3. Be inclusive and recognize privilege. At every level, the movement for climate action must be driven by diversity, including all peoples of color, all gender identities, and those with disabilities. Both Alexandria and Kristin stressed inclusivity, recognizing that vulnerable communities, such as indigenous people and lower-income families, who are on the front lines of climate impacts. To build effective solutions that leave no one behind, all communities must be heard. But of course, not every person can afford to take action in the same way.

Activists like Alexandria and Kristin know they act from a position of privilege, and they call on people to “recognize their privilege.” Not every young person can skip school on Fridays; education is a privilege for many. And not everyone can afford to change their diets to 100% plant-based. “You need to use your privilege for good,” said Kristin. If you can take structural and individual action, you should because we need both, but that doesn’t mean that everyone else can. At the end of the day, we have to work together and collectively change policies that are driving both the climate crisis and greater inequality.

Even when Alexandria had to protest in pouring rain, she told her mom, “I don’t have it bad,” thinking of the people of Mozambique, who had just been ravaged by two back-to-back cyclones this past spring.

4. Stay optimistic. Activism is tiring. The work that young people put into organizing, getting out their message, and constantly staying up to date on the latest climate news can be exhausting. Confronting the reality of the climate crisis every single day is no doubt mentally draining in and of itself (no wonder some people just ignore it altogether!).

Alexandria reminded young people in the audience, “We need to take care of ourselves.” Parents need to support their children’s physical and mental health needs as well. When asked how to keep pressing forward despite the negativity and resistance, Alexandria urged UNA members to stay optimistic and carry, “a fierce, passionate mindset of fighting for your future.” Too often the vision of what we’re all fighting for gets lost. She said, “I see a world where human beings live in harmony with the Earth. I see a stable climate system. I know we can make this happen if we all work together.”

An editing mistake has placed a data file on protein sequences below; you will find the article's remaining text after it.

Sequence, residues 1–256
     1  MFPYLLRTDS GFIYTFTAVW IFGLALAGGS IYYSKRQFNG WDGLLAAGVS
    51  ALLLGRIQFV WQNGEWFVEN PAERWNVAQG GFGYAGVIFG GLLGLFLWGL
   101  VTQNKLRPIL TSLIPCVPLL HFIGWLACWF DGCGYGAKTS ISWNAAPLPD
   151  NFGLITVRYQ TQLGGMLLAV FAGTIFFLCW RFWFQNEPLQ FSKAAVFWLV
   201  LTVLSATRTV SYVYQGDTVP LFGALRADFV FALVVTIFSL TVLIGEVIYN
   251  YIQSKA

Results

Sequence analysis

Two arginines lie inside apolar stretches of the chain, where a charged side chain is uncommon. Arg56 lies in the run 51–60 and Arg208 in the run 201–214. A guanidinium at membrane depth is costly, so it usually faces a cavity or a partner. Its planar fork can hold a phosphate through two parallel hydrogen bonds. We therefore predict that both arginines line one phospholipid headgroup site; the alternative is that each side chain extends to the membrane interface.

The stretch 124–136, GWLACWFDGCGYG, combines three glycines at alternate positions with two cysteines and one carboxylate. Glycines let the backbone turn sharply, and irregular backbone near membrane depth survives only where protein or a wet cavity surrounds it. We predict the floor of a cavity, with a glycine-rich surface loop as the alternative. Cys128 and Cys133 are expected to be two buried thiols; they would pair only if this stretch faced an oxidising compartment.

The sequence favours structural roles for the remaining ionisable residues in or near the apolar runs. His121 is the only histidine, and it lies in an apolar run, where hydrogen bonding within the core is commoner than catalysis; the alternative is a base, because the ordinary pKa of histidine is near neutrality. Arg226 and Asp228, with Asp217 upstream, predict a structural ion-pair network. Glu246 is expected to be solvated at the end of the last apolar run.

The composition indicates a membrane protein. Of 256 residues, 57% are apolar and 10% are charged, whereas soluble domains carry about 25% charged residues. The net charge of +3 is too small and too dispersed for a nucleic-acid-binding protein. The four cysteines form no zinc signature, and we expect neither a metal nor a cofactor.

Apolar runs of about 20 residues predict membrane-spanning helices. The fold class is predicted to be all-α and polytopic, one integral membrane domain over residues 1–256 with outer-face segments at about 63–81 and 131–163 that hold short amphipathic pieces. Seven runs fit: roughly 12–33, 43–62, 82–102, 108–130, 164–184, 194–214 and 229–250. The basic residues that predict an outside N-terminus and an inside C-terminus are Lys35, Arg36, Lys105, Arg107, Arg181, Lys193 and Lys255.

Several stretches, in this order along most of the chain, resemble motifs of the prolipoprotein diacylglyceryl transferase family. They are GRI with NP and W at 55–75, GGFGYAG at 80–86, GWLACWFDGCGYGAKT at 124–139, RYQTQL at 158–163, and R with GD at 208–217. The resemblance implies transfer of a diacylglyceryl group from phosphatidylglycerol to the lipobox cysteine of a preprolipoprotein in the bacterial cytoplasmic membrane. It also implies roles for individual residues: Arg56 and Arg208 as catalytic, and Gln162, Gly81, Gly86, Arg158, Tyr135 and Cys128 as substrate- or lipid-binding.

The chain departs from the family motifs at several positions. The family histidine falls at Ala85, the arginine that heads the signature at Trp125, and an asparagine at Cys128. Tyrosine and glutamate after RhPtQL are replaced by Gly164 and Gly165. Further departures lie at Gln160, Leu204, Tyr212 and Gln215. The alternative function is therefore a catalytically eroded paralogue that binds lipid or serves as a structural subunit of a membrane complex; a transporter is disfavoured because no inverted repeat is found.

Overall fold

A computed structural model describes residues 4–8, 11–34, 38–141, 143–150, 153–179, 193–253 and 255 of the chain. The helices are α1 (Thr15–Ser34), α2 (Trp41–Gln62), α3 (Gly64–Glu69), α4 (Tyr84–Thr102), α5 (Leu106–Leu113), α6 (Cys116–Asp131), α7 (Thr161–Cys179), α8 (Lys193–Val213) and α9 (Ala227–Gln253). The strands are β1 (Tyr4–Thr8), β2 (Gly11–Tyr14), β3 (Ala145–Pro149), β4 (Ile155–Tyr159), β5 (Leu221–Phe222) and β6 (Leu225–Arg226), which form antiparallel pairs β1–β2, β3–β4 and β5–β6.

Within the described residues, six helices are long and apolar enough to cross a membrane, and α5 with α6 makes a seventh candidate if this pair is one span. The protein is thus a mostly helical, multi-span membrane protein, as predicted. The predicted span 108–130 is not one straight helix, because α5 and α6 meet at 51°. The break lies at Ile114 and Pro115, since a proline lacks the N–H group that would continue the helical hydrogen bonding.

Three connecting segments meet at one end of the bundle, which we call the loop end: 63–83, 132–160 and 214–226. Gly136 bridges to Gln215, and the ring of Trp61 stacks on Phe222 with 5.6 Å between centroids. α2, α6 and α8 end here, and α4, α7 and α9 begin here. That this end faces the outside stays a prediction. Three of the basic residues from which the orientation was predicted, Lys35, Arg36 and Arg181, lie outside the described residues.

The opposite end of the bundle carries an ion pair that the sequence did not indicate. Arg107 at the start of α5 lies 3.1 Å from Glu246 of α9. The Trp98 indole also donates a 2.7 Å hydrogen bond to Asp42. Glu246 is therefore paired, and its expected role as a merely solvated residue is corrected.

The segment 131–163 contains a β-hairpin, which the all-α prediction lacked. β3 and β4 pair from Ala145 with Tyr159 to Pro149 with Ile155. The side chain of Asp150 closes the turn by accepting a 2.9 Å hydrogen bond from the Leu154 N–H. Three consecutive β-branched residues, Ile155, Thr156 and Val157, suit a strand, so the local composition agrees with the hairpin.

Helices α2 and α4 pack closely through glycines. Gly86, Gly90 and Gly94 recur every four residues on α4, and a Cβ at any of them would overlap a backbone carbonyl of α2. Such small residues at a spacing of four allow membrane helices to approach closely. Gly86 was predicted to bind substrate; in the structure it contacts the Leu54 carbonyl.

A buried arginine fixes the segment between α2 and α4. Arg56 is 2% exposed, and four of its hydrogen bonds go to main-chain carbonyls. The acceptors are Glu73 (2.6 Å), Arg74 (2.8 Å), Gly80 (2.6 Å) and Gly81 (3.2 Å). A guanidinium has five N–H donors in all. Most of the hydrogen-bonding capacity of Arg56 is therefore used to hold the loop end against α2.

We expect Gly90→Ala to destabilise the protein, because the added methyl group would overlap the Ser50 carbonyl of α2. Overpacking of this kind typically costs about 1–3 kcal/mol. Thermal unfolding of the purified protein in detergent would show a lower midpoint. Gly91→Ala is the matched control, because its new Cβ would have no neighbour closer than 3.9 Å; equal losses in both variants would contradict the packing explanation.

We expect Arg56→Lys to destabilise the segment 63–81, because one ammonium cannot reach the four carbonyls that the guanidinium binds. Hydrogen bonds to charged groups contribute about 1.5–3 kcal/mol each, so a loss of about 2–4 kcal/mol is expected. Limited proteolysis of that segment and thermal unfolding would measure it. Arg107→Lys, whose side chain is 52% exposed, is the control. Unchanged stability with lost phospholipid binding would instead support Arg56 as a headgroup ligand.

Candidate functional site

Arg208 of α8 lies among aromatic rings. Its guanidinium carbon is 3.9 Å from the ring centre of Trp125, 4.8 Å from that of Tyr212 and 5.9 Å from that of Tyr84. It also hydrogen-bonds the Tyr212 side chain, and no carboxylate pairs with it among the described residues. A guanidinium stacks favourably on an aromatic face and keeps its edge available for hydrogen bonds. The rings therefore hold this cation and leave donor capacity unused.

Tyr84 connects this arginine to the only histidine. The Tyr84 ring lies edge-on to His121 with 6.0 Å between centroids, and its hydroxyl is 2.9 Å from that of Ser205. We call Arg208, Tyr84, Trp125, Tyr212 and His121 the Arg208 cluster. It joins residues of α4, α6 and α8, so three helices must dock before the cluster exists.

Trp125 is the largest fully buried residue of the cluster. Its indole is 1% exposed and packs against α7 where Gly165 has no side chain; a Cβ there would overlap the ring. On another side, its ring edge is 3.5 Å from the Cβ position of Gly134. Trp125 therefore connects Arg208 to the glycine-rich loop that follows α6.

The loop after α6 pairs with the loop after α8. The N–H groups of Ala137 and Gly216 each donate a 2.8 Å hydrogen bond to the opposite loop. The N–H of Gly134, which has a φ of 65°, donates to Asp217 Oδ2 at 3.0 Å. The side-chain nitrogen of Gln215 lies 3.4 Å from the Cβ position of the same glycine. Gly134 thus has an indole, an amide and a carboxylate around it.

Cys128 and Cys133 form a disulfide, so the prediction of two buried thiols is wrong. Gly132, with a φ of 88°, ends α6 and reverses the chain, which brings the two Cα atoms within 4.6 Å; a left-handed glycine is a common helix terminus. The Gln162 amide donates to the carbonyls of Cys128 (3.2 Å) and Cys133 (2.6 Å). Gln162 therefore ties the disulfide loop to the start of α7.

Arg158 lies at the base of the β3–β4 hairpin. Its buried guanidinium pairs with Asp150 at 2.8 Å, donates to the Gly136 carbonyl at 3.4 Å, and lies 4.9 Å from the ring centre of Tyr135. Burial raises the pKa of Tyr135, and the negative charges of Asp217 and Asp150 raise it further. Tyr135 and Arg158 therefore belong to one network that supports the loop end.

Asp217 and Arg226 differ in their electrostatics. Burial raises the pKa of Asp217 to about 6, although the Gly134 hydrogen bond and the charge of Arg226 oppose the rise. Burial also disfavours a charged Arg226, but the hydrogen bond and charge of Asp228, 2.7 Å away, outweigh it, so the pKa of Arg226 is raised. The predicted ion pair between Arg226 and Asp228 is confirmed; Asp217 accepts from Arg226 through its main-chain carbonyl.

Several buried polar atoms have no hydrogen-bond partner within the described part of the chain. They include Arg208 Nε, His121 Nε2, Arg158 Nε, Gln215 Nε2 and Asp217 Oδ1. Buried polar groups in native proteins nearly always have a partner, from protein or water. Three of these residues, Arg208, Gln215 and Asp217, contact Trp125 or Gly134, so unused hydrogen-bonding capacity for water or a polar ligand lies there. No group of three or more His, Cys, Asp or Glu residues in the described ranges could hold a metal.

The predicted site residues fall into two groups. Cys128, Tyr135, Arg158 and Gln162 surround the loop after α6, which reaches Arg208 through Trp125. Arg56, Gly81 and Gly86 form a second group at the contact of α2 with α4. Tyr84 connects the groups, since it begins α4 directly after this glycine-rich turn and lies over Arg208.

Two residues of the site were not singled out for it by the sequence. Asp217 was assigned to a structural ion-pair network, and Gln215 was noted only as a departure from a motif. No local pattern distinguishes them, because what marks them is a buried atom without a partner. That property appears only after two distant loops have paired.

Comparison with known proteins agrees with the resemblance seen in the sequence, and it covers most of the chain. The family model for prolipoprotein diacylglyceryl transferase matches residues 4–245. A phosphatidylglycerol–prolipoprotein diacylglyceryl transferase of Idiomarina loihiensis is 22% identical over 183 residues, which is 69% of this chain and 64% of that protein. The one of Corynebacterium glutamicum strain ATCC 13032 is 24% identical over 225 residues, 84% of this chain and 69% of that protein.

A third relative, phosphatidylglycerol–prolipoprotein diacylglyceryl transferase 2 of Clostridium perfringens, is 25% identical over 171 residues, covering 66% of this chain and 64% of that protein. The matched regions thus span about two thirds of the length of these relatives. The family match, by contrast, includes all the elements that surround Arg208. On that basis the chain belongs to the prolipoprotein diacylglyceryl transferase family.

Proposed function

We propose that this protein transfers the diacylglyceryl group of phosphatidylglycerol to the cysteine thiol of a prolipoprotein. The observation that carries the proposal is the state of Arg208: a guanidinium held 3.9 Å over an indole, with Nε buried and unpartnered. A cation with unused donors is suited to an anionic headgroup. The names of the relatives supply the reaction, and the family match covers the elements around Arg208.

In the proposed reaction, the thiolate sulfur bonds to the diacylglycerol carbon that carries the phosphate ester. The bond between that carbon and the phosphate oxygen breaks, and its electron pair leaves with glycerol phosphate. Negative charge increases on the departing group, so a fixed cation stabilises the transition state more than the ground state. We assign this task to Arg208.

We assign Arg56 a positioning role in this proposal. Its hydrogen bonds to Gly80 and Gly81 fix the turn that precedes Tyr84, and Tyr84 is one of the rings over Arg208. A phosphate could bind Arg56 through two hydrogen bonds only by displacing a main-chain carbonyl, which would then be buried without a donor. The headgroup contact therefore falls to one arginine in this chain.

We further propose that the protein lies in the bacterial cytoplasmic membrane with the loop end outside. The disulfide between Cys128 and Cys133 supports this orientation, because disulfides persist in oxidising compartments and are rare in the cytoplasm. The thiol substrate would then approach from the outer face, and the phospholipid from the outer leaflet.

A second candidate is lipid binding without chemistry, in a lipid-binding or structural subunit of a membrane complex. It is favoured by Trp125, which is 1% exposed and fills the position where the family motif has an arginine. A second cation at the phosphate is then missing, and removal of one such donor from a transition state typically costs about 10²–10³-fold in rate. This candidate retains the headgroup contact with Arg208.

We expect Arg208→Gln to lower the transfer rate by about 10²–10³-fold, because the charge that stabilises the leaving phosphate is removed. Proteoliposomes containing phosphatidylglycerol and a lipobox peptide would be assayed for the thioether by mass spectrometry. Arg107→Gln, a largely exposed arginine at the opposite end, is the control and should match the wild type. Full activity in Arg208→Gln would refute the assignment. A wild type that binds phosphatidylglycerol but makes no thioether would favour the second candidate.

These are just a few lessons I learned, and there will certainly be more lessons to share as young people around the world continue to stand up. Ultimately, as UN Secretary-General António Guterres urged in a discussion with Greta Thunberg, “Political leaders are still too slow. So I trust young people to push them, to push their families, and to push societies to make sure things move in the right direction.”

The Secretary-General’s Climate Action Summit on September 23 presents a major opportunity for leaders to make strides in the right direction. And before world leaders come together to step up action, young people will collectively raise their voices again at the UN Youth Climate Summit on September 21 and by holding a global climate strike on September 20 – what they hope will be the biggest one yet. You can bet Alexandria and her mom will be there.

To get involved with UNA-USA and advocate for U.S. leadership at the UN, visit here.

To learn more about the youth climate strikes, visit here.

To learn more about the UN Secretary-General’s Climate Action Summit, visit here.